By Zack Ward
ANNAPOLIS—With attention on concussions largely focused on professional football and mens sports, these brain injuries may get overlooked in womens sports.
Concussion experts agree that while football still sees the most concussions, every sport involving contact needs be aware of the issue. As Dr. Stacy Suskauer of the Kennedy Krieger Institute in Baltimore put it: there really isnt a sport that is concussion-proof.
If anything, girls seem to be more prone to concussions than boys. Research of high school athletes suggests that in sports both genders play in a similar way, girls are twice as likely to sustain a concussion, according to a report published in the American Journal of Sports Medicine in 2011.
Dr. Gerard Gioia of the Childrens National Medical Center in Washington, D.C., said, If you look at sports that are similar in terms of how girls play it - soccer, basketball and baseball-softball - in those three sports, girls do have a higher incidence of concussions.
What Gioia doesnt know is why this is the case.
Is it because their necks are not as strong? Is there something about the hormonal differences that affect how we respond to the blow? Is it because girls are more willing to report the problem? I think its important to widen the scope and realize that we need more information about that, said Gioia, the director of the Safe Concussion Outcome Recovery & Education (SCORE) Program, which evaluates and monitors the care of youths with concussions.
The head lacrosse coach of the U.S. Womens National Team, Ricky Fried - who has also coached male lacrosse players - would lean towards ruling out the willingness-to-report factor.
Honestly I would say athletes are athletes, Fried said. I think theres people of both genders who try to stay on the field
I dont think women are more likely to report their injury than a male.
Lauren Burkhead, the Director of Clinical Services at Righttime Medical Care in Annapolis, agreed, saying: I think when you really get into the serious athlete
the girls want to ignore their symptoms just as much as the boys do.
In Frieds sport in particular there has been a lot of controversy surrounding concussions and whether or not womens lacrosse players should be required to wear helmets. Fried is one of many coaches that maintains helmets are not necessary in the womens game, which has different rules than the mens game where helmets are worn.
I think it really depends on, I guess, where the sport is, Fried said. Theres not a necessity [for helmets in womens lacrosse] with the way the rules are currently, if its being played, coached and officiated the way its supposed to. The helmet isnt necessarily going to take care of hitting the ground, because its not necessarily the impact, its the brain being moved around in the helmet.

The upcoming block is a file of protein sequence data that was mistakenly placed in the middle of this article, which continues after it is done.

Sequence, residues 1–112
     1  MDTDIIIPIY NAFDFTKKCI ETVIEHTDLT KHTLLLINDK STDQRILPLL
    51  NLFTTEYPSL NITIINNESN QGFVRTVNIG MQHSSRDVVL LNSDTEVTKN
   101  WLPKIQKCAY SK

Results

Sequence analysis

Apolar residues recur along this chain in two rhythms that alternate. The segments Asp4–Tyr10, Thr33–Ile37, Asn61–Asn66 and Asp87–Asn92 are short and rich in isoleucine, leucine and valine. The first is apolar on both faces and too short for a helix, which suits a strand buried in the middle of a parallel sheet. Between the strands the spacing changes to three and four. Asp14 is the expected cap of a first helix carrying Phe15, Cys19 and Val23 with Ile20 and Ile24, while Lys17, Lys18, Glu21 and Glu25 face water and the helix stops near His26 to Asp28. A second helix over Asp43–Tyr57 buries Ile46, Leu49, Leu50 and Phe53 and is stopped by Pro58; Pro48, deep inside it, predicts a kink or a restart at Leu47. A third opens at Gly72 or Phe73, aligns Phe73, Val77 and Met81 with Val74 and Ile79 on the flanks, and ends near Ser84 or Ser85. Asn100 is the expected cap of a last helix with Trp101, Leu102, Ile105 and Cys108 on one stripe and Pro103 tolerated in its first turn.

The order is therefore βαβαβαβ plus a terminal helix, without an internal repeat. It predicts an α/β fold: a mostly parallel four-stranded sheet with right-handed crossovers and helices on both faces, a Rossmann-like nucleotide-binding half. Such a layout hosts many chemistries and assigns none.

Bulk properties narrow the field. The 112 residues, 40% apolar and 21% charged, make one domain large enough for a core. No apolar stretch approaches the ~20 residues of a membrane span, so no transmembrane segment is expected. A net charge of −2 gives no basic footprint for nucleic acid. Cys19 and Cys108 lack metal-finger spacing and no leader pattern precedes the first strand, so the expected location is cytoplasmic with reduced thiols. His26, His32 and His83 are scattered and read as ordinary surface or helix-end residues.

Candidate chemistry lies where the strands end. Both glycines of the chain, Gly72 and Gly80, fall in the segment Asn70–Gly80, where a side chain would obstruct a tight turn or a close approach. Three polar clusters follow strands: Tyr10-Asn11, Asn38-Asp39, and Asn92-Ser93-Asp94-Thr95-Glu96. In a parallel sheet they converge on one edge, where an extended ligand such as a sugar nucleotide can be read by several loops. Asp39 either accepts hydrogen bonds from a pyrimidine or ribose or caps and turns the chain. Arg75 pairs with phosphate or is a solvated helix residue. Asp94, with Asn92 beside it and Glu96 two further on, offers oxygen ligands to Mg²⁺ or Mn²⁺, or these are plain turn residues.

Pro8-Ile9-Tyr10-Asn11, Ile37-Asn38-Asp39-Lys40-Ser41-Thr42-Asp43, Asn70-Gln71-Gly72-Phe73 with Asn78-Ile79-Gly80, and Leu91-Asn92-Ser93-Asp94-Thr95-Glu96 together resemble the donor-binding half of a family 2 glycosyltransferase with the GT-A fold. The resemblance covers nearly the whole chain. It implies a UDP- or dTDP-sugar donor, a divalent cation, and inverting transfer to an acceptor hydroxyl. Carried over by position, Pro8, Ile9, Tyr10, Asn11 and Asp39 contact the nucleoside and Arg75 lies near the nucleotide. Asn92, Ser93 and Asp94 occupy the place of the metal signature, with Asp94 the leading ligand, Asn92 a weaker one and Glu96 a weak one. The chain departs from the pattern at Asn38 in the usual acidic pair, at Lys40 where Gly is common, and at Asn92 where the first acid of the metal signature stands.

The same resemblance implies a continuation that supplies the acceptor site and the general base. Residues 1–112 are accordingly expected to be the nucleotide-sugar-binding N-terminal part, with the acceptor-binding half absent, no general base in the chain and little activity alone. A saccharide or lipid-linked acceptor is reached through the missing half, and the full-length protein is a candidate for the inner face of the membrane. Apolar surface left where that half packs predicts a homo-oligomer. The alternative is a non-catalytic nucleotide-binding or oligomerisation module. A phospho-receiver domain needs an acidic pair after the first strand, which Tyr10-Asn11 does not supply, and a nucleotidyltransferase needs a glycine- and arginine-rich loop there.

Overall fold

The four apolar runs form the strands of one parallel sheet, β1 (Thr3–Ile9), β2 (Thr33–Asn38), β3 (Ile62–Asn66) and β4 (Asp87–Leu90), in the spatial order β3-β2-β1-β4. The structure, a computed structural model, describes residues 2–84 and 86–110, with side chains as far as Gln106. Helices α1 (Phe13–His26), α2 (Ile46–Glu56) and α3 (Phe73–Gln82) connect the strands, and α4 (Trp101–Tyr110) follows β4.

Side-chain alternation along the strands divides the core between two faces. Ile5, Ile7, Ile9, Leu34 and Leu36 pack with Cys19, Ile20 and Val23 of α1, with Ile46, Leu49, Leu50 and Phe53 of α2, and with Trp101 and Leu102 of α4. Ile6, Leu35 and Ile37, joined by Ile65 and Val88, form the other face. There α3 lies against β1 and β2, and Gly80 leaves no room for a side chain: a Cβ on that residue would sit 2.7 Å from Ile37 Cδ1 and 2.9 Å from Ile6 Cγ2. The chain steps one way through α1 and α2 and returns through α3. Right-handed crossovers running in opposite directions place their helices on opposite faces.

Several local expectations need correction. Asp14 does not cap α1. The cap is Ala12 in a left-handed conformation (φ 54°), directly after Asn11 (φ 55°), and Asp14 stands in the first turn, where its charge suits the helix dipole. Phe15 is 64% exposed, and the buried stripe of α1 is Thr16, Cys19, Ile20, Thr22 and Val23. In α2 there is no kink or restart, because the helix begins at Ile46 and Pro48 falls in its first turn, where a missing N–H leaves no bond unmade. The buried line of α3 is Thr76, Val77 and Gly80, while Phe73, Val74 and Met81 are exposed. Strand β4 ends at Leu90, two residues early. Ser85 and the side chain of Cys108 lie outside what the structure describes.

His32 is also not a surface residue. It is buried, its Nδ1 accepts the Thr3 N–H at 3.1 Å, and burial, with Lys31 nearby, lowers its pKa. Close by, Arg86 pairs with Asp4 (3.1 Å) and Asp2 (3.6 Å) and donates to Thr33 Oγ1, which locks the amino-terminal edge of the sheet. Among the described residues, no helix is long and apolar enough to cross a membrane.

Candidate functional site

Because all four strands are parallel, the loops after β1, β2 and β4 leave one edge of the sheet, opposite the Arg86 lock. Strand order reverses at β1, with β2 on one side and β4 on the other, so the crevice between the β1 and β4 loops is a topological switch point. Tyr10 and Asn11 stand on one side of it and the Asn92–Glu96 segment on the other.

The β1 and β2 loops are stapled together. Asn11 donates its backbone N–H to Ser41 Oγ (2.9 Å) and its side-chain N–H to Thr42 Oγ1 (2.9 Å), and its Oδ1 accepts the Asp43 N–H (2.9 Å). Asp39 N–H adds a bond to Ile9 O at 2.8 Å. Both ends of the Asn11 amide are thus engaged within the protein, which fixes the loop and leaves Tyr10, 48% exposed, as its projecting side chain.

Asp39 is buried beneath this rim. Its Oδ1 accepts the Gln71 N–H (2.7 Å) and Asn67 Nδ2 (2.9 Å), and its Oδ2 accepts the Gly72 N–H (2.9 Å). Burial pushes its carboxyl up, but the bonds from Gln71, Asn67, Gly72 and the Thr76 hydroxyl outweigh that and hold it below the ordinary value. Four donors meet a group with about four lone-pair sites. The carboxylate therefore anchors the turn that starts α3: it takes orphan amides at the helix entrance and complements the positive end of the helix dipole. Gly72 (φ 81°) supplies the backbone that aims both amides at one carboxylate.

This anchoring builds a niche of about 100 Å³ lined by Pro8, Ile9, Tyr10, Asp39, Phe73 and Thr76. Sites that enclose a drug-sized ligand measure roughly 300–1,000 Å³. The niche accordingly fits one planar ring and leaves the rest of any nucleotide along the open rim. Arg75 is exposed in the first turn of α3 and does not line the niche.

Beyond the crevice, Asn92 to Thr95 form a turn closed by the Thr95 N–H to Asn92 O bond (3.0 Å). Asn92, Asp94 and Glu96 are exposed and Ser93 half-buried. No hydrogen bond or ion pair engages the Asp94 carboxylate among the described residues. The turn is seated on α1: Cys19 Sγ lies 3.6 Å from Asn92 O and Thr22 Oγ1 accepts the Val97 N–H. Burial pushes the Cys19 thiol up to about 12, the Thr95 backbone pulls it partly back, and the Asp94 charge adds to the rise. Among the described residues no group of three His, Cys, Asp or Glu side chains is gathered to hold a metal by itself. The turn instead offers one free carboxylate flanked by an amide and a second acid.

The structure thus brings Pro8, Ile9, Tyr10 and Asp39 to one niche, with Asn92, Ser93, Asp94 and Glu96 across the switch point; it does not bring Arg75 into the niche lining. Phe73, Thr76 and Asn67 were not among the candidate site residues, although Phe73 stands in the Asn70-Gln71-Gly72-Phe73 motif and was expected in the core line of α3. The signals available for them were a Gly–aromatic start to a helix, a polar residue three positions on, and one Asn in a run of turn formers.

However, Fried did not downplay the importance of the concussion issue in womens sports.
I think theres a greater awareness of the impact of what a concussion does long term, Fried said, noting the attention the issue has drawn in the NFL. Especially what multiple concussions can do long term. So that heightens everyones awareness across the board, regardless of sport.
But while the awareness has increased on the girls side of sports, so much is still left unknown.
Suskauer, who directs the Brain Injury Rehabilitation Programs at Kennedy Krieger, doesnt dispute the data that girls report more concussions but did point out that at her clinic alone they see more boys than girls in the younger group of children, and even among teenagers they see slightly more boys.
The reality is that doctors arent even sure if children are more susceptible than adults, let alone being sure about the role gender plays. Both Kennedy Krieger and the SCORE Program at the Childrens National Medical Center focus on youth concussion patients, but neither Suskauer nor Gioia are certain that kids are more vulnerable. They both believe more data in needed.
However, Gioia did say: Theres one study that compares high school kids to the pros and suggests that the high school kids take longer to recover [from concussions].
If a youngster gets hit, their neck gets moved around more and that may lead to a greater likelihood of a concussion, Gioia added.
The same neck-strength argument could indicate why girls are more susceptible than boys, but for the most part, genders role remains a mystery along with most aspects of research surrounding concussions.